When reading this kind of literature, you have to engage in "the willing suspension of disbelief", and accept things like magic and dragons that do not occur in our world.
In our world, prophecy is bullshit. Pure wishfaul thinking. There's never been a provable case of it. As was pointed out, Nostradamus was so vague that people selectively interpreted later events to fit them into his framework. And how many times has history rolled right past the end of the world as predicted by some doomsayer's interpretation of religious prophecy?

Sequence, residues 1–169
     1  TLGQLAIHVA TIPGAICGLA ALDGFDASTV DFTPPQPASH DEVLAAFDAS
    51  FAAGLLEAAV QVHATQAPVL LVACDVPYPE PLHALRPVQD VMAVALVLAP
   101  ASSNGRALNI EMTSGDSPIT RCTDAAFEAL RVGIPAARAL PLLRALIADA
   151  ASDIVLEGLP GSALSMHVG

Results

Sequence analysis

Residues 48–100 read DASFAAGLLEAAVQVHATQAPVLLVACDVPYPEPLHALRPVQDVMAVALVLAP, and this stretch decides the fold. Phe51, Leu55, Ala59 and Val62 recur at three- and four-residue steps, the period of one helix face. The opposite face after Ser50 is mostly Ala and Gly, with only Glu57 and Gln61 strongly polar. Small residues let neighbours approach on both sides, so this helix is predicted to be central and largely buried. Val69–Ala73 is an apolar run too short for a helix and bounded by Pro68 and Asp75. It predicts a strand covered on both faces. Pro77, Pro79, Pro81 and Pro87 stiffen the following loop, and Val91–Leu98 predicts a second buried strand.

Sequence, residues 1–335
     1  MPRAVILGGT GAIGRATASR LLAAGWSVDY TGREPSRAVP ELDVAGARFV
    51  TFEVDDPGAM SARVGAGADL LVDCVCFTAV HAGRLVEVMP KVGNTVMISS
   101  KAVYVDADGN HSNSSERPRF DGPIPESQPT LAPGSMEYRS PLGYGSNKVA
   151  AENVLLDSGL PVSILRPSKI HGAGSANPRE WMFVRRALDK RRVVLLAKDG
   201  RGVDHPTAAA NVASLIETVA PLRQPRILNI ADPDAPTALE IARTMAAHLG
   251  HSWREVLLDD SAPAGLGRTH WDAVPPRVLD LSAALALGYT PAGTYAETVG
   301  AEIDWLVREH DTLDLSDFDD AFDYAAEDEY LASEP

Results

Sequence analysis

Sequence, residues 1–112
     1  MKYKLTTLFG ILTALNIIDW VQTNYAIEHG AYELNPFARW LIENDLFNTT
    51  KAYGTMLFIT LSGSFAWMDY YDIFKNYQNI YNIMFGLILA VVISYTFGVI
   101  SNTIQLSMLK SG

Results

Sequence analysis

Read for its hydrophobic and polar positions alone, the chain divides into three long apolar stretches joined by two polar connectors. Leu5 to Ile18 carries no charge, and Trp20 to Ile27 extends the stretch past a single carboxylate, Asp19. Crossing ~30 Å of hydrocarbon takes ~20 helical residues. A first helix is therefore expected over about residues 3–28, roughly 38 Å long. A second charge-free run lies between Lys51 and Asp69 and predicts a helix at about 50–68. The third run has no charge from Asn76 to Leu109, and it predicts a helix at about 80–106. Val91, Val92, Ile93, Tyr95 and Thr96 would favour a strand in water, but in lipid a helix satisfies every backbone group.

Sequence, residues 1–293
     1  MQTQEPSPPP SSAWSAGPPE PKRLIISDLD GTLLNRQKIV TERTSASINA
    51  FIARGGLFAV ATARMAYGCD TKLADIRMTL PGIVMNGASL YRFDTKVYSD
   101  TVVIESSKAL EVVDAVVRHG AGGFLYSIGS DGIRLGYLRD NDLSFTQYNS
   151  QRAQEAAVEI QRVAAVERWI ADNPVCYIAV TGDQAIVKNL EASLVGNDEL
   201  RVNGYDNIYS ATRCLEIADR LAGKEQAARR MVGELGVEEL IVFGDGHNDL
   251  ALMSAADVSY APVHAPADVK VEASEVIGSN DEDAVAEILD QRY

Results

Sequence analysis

In Randland, Prophecy works, and it works however Jordan and Sanderson choose. The reader just goes with it. It's OK to point out internal inconsistencies, but if an author posits prophecy, its manner of fulfillment is up to him or her. I think WoT made a great point with the way prophecies were revised to manipulate the Seanchan. Give a nation an excuse to believe it's their destiny to conquer the world, and they'll go out and do it. Prophecy, like religion, is a great manipulation tool because you can't debate something that has no basis in logic.